The role of African mining in the energy transition

The energy transition took centre stage at Investing in African Mining Indaba, Africa’s foremost mining event, putting a spotlight on the US$1.2 trillion opportunity – and the carbon reduction investment dilemma

5 minute read

Wood Mackenzie was privileged to participate in two panel discussions at this year’s Mining Indaba in Cape Town, South Africa. The event positioned Africa – and the supply of critical metals – at the centre of the energy transition.   

The unanimous call to action is that an extraordinary investment in new mines is needed, and soon. Most industry participants also agreed on the challenges in doing so. But few in the sector can provide an optimal solution as to who will pay and how the value chain should evolve.  

Mine project development isn’t keeping pace with future energy transition demand  

Across the many panel discussions and keynote speeches at Mining Indaba, there seemed little disagreement that for energy transition metals – lithium, copper, nickel, cobalt, vanadium and graphite, among others – there is currently a mismatch between future demand and the ability for industry to deliver.

Wood Mackenzie numbers suggest that in order to reach Paris Agreement targets of zero carbon by 2050, copper and aluminium production must double, nickel output needs to rise three-fold and the world will require nine times the amount of lithium produced today.

Overall, an investment of US$1.2 trillion is needed across transition metals supply by 2050. Yet so far project development rates are falling short – why?  

The constraints in delivering new mine supply  

A major reason is that cash is being returned to shareholders, rather than being re-invested into growth. This keeps investors happy but starves the industry of the necessary investment to meet future energy demand. The risk is a period of rapidly rising metal prices from mid-decade onwards as structural deficits emerge for several key commodities.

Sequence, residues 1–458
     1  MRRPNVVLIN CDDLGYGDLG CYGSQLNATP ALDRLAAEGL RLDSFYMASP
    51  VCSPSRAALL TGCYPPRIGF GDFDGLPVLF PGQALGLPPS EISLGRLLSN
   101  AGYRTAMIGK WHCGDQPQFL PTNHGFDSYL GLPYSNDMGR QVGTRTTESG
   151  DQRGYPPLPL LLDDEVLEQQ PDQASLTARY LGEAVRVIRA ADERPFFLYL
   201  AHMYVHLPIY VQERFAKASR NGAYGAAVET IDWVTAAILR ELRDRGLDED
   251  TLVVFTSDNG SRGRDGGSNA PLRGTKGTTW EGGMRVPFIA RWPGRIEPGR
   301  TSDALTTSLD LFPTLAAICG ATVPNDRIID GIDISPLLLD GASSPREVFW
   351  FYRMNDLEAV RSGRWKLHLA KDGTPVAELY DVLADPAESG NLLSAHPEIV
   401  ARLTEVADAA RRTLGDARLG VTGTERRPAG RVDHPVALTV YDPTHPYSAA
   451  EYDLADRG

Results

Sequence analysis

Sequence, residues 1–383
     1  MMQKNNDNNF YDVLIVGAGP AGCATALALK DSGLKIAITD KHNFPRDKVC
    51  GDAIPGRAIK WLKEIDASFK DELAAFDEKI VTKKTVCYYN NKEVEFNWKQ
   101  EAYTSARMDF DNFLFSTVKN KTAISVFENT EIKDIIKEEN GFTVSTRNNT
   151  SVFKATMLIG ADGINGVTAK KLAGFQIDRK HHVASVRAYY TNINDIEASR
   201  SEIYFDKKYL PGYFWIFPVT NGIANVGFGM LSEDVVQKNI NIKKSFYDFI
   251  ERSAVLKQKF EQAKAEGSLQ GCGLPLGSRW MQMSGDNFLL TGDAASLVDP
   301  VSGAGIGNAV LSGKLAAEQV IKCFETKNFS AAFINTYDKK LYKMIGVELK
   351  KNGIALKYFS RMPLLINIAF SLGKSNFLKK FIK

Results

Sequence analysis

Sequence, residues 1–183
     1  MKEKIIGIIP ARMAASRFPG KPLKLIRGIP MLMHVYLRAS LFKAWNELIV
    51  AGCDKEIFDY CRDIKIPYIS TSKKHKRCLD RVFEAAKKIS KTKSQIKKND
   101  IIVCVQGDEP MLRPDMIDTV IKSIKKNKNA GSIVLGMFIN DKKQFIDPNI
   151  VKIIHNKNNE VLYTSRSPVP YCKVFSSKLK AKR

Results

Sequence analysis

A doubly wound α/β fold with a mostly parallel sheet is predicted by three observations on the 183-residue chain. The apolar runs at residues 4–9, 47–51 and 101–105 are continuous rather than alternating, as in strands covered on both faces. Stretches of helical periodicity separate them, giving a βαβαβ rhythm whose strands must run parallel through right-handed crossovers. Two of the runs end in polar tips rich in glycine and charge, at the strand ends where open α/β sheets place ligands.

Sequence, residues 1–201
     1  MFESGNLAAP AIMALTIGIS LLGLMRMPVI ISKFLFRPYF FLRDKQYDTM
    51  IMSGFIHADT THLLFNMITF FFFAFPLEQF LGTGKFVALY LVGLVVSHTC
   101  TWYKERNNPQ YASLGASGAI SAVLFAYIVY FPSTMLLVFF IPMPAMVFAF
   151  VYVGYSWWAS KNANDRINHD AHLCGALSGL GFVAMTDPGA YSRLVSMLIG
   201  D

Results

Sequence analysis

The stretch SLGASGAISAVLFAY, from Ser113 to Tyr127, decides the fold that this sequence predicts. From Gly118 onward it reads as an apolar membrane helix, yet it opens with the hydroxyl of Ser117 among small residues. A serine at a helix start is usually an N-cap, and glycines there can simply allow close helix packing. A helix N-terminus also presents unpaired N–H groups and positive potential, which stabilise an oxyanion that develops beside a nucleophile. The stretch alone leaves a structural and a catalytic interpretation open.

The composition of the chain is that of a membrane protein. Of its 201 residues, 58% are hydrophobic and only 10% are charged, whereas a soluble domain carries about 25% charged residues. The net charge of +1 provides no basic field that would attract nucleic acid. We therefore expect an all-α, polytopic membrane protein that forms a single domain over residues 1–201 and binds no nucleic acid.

A second issue is project lead times. In more mature markets, such as copper, we have seen a lack of investment in exploration, leading to thinning advanced project pipelines and a lack of quality projects.

It takes 10 to 15 years to prove, develop and ramp up mines for most metals – and this is incompatible with a race to zero carbon in a little over double that time.

In less developed ‘green’ metal markets it is also a game of catch-up. It takes 10 to 15 years to prove, develop and ramp up mines for most metals – and this is incompatible with a race to zero carbon in a little over double that time. 

The time taken to develop projects is a function of many other factors – heightened country risk, lengthier permitting processes, and a razor-sharp focus on environmental, social and governance (ESG) principles. This all means that meeting investment criteria and gaining a social licence to operate is increasingly difficult.

The investment dilemma  

The conflict between the desire to reduce emissions while also hampering the production of metals required to achieve zero carbon is one of the many contradictions exposed along the pathway to zero carbon.     

For governments, regulators and communities there is a much stronger emphasis on reducing carbon emissions than developing mines. And the relationship between the two is still not necessarily understood by all. Mining companies themselves are also obliged to invest in carbon abatement. It is required by some regulators, it seems to make sense from an emissions reduction perspective and, when factoring in the impact of carbon taxes, investing capital in carbon abatement rather than new mining projects can also provide better returns.